We must be careful not to fulfill the age-old proverb, “When the wise man points to the moon, the fool looks at the finger.” The crucifix of San Marcello exists in order to depict the death of Jesus Christ. During His passion, Jesus was horribly disfigured in order to save us all from the wages of sin. This is what this crucifix represents. This is what every crucifix represents. And this is why the crucifix is an important religious symbol to Catholics.

There is something paradoxical about complaining that an image that represents the disfigurement of the Son of God to save us all from death has itself been disfigured to save many lives from a deadly epidemic. It’s as if we’ve forgotten the lesson the crucifix seeks to give us. When we gripe about how the object is no longer in pristine form, we overlook how the object points towards the desecration of the most sacred Being who ever existed in material form. In other words, we overlook the telos of the object in order to admire the object itself.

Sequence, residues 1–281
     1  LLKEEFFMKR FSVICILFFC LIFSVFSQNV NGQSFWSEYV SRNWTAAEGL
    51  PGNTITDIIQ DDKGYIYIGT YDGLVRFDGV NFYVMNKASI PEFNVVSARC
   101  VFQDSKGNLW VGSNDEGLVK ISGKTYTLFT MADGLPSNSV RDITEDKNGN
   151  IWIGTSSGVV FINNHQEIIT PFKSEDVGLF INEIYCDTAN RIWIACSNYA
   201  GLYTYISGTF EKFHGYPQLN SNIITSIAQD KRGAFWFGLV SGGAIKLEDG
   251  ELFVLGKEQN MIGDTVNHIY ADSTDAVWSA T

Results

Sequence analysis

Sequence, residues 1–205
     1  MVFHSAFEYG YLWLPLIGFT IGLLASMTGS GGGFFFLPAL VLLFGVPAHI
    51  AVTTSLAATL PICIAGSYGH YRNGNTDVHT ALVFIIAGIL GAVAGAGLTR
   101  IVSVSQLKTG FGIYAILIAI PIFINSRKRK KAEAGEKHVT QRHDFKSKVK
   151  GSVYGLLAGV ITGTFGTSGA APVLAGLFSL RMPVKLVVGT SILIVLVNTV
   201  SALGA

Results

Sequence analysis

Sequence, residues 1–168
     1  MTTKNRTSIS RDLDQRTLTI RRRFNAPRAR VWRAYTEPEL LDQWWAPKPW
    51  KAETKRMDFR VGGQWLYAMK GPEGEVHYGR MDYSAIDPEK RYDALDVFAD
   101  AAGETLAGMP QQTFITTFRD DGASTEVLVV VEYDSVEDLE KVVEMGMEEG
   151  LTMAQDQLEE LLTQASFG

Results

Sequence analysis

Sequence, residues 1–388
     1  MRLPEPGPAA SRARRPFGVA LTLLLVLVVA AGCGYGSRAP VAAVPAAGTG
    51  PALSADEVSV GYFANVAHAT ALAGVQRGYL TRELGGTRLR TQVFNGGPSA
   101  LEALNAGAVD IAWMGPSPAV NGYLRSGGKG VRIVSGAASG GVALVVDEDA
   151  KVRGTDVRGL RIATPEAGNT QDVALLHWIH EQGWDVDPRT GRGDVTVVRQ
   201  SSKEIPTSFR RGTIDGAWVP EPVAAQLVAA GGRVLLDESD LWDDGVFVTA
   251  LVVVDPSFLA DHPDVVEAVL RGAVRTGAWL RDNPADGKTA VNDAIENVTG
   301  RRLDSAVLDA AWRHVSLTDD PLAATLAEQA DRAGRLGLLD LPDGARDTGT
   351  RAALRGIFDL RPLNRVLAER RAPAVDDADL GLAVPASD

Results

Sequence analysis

As Rome-based art historian Liz Lev said in the same Crux article, those who lament the loss of “a precious piece of art such as the crucifix — a work that no one cared about until last week — run the risk of idolatry” because to them, “the object itself is more important than what the object stands for.”

Given the age of this relic, using it would always imply some risks. Had this crucifix not been used on March 27, it would have remained safely enclosed within the walls of a church. But would it have truly fulfilled its purpose when outside those safe walls people were suffering and dying by the thousands?

What the crucifix represents is the source of our faith. In his introductory speech to the 2015 Synod on the Family, Pope Francis said that the deposit of our faith should not be “a museum to view, nor just something to safeguard,” but “a living spring from which the Church drinks, to satisfy the thirst of, and illuminate the deposit of life.”